Lady Against the Odds

 Lady Against the Odds is a nifty number that I stumbled across on Netflix.  It looks like a network TV Movie or and HBO film for TV. It might even have been a pilot for a show that didn’t get picked up – if that’s the case, more’s the pity.  Set in 1943 LA, during the war, Lady captures the ambiance skillfully, opening with art deco backgrounds and sepia-tinted post-cards of iconic WWII LA., then segueing into dark, shadowy cinematography for a dip into blacked-out streets, a sleazy bar, and a shoot-out between the P. I.  heroine and her prey.  The rest of the film deftly soft focuses  technicolored  rich mansions and glamorous parties and blends it with shadow and sepia, as if uncovering beneath MGM glamor the seaminess of politics, law, and wealth.  The cast is a gathering of T.V professionals who play their roles with 1940s toughness, wise cracks, sharpness, and intrepidity.  LadyAgainstTheOddsThe main character is Crystal Bernard’s P.I., keeping the business going that she and her husband started before he was called off to war.  Bold, sharp-minded, and wise cracking, while still loyal and compassionate, Bernard’s Dol makes an honorable addition to the gallery of smart-talking gals played by Joan Bennett, Lynn Bari, Ella Raines, and Lucille Ball back in the day.  Her friend and partner Sylvia (Annabeth Gish of The X-Files) turns in a nifty performance as almost a naif but still no dope.  She’s a rich girl trying to prove she’s got what it takes to make it on her own, or at least in tandem with her friend Dol.  And John Finn (The X-Files, Cold Case) does a neat turn as police Detective Donnelly, a bum knee having kept him out of the war, bitter though not exactly cynical – not quite a nemesis or an ally, just certain that the two women are in way over their heads when it comes to murder.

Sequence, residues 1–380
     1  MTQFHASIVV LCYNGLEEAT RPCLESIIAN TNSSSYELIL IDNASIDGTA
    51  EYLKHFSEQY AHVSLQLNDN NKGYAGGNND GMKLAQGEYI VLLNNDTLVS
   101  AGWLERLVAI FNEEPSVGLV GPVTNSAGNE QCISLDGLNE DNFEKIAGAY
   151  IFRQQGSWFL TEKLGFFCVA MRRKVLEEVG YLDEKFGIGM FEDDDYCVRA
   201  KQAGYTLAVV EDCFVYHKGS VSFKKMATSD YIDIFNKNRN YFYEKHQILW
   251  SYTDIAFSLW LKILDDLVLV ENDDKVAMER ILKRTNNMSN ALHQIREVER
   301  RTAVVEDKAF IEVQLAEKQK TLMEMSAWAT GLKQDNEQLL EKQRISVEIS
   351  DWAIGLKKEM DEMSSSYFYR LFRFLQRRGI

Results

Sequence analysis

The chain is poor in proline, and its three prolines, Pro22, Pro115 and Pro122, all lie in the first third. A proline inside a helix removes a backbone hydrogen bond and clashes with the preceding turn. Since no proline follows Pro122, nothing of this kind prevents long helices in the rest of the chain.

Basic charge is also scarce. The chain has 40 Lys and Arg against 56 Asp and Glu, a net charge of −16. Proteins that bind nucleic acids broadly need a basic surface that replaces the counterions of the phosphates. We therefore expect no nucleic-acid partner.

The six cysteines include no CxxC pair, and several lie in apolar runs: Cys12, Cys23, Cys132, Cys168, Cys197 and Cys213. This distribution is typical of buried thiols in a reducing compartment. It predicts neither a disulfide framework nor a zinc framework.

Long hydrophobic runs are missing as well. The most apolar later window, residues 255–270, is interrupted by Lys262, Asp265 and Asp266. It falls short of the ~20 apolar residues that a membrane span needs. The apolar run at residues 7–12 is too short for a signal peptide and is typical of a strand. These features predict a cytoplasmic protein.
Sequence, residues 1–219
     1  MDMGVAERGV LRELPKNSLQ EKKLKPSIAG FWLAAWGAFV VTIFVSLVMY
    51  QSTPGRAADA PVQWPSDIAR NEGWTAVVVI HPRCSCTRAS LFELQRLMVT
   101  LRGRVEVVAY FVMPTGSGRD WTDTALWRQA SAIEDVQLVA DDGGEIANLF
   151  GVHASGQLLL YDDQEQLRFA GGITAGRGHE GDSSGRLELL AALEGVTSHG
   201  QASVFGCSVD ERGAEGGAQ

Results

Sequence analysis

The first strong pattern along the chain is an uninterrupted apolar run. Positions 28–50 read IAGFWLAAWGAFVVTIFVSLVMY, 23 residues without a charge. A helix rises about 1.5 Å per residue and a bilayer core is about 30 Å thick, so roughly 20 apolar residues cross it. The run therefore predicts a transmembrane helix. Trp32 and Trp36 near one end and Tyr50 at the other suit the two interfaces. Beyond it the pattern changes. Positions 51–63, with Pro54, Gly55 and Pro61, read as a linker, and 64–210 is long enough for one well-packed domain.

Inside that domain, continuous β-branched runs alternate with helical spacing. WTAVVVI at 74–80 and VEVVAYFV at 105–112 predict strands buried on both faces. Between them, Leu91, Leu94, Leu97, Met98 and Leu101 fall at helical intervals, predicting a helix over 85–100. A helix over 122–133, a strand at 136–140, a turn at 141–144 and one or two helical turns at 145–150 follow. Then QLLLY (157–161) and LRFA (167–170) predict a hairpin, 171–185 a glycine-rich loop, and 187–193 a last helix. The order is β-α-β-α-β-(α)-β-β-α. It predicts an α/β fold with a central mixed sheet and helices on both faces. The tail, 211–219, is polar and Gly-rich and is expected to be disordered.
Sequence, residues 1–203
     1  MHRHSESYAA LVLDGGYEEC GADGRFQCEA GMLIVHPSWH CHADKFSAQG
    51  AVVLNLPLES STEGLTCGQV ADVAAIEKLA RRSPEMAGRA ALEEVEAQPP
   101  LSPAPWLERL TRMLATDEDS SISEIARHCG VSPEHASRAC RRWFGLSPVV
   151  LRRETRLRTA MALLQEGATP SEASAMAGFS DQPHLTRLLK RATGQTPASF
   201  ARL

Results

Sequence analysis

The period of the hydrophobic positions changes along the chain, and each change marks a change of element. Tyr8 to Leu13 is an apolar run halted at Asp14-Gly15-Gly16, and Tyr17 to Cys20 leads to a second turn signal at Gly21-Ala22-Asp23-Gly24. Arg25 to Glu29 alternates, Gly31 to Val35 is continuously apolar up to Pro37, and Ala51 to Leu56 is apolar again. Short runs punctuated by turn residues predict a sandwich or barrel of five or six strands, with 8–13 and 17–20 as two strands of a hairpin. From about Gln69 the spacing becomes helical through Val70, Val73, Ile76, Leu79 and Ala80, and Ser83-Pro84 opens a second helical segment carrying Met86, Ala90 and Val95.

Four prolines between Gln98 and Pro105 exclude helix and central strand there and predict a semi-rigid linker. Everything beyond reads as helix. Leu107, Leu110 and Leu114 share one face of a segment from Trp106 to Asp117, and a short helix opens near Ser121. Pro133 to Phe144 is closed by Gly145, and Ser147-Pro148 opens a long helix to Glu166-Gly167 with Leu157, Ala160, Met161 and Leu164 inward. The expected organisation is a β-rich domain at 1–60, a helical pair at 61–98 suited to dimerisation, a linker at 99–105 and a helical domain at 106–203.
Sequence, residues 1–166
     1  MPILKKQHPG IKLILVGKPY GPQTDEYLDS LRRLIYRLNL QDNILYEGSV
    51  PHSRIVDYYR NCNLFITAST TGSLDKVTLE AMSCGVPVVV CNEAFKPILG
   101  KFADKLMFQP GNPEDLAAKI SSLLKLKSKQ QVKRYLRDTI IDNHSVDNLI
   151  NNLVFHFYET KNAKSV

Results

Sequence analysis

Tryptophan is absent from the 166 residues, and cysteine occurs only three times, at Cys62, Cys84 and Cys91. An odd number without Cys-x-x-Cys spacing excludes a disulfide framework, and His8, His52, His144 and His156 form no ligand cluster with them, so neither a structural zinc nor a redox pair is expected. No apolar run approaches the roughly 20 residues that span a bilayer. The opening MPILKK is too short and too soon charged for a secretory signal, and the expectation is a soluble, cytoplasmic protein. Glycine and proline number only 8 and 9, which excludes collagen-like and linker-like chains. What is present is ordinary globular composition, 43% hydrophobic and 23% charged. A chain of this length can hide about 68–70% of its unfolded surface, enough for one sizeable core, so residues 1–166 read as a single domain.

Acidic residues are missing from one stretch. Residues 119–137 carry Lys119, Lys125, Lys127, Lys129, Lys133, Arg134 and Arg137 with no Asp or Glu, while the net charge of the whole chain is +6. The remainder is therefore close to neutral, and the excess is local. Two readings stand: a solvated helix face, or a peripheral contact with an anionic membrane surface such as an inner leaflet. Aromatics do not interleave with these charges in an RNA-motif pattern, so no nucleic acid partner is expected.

The mystery itself is twisty and fascinating, sucking us into corruption in the best of families, PST haunting veterans  – in the best tradition of Murder, My Sweet (in the first case) and Somewhere in the Night or The Crooked Way (in the second).  Dan Catellenata (Homer Simpson!) is the sleazy reporter gumming up the works. Possible romantic leads, as well as suspects, are Kevin Kilner (Earth:  Final Conflict) and Rob Estes (Silk Stalkings, Suddenly Susan).  Also on hand are Polly Bergen as a wealthy, sophisticated, and not-all-there mother of a son lost in the war, as well as Roy Thinnes (another X-Files veteran) as her industrialist husband of questionable business ethics, with Barbara Luna (Star Trek and Buck Rogers)  an elegant, shrewd madame.  The decor, costuming, cars, and other props will leave period afficionados drooling.  The length of some of the skirts is actually a bit long for the mid to early ’40s (outfits left over from 1938?) and Dol’s slacks are much too tailored for 1940s slacks (men’s or women’s).  Nevertheless, my buddy Sonia and I would positively kill (pun intended) to put some of those ensembles in our closets!

Click here for an interesting link to a web article on the movie.

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